Tokyo: Nissan Motor Co. registered a fall in net profit by 42.8% in the fiscal first quarter, hit by a stronger yen, high raw material costs and slowing global economy.
Japan’s number three automaker said its net profit fell to $489 million in the three months to June from $92.31 billion a year earlier, a company statement said.
Operating profit slid 46.1% to 79.95 billion yen as revenue slipped 4.1% to 2.35 trillion yen. “In the face of severe operating environment, Nissan remains resilient but cautious on the outlook for our industry,” Nissan chief executive Carlos Ghosn said in the earnings statement. Nissan said its bottomline was also hit by provisions related to leased vehicles in North America.
Sales up 6.9% in Apri-June period
Nissan, which was overtaken by Honda in 2006 in terms of sales as Japan’s second automaker, said it had sold 936,000 vehicles in the three months to June, up 6.9% from the previous year.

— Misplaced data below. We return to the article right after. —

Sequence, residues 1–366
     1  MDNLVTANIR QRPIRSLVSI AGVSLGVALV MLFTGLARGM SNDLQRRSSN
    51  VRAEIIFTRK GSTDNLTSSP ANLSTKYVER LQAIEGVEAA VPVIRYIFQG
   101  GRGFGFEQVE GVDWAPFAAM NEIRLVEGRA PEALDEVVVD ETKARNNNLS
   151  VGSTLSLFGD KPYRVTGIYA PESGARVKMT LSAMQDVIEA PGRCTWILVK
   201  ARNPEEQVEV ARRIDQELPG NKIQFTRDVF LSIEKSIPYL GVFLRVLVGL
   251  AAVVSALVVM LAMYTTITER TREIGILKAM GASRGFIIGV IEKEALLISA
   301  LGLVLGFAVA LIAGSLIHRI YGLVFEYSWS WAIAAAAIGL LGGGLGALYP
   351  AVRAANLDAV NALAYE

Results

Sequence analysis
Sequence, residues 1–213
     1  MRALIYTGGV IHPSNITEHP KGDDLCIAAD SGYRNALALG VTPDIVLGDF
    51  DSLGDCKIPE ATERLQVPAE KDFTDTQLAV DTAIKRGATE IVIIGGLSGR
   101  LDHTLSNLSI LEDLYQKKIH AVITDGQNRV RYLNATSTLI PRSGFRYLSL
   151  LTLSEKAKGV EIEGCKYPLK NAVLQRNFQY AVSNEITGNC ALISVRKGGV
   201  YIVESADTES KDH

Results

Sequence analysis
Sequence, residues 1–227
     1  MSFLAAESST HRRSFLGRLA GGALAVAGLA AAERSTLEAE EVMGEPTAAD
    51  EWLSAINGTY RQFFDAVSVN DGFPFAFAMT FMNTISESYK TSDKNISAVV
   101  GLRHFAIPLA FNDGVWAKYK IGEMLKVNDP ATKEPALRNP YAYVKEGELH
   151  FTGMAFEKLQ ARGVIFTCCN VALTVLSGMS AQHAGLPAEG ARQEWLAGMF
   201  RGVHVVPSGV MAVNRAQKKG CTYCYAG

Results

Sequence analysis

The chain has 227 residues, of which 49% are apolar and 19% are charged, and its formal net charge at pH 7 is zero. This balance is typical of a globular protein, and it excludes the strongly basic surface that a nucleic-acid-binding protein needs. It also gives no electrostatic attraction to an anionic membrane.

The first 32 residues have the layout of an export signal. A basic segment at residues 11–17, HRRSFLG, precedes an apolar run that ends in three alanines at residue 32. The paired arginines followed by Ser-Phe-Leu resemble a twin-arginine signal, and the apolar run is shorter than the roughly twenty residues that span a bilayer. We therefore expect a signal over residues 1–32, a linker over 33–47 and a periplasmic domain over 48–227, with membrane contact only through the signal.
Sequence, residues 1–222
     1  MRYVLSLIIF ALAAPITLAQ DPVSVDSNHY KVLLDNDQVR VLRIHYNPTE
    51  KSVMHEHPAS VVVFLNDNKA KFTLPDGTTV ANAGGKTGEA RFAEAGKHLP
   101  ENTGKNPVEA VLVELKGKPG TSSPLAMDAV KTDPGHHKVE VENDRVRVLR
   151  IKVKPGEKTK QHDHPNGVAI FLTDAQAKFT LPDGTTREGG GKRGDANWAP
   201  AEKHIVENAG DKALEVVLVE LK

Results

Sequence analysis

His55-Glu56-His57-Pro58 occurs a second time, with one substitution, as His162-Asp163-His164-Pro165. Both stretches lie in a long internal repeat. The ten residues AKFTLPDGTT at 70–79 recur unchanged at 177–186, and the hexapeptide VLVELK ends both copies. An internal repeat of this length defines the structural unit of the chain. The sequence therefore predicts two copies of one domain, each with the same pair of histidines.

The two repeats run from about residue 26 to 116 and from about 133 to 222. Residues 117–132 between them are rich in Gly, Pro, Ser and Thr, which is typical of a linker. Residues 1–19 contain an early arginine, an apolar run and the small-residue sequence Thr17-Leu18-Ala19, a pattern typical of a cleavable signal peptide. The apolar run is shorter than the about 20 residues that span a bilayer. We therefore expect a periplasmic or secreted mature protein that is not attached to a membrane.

“Despite rising sales, revenue went down due to foreign exchange losses,” Nissan corporate vice president Joji Tagawa told reporters. A stronger yen reduces the value of Japanese companies’ repatriated earnings.
For the full fiscal year to next March, Nissan maintained its forecast for a 29.5 drop in net profit to 340 billion yen and a 30.5% decline in operating profit to 550 billion, on revenue of 10.35 trillion.
Sales within Japan have dipped
With Japan’s population greying and shrinking, and a credit crunch undermining US sales, Japanese automakers are relying increasingly on emerging economies such as Brazil, Russia, India and China to grow their sales.
Nissan said that it was taking steps to try to reduce the impact of cooling US demand and high steel costs, raising its prices in the United States and revamping its production operations there. “We have identified the major risks and taken actions to address them, particularly in the US market,” said Ghosn.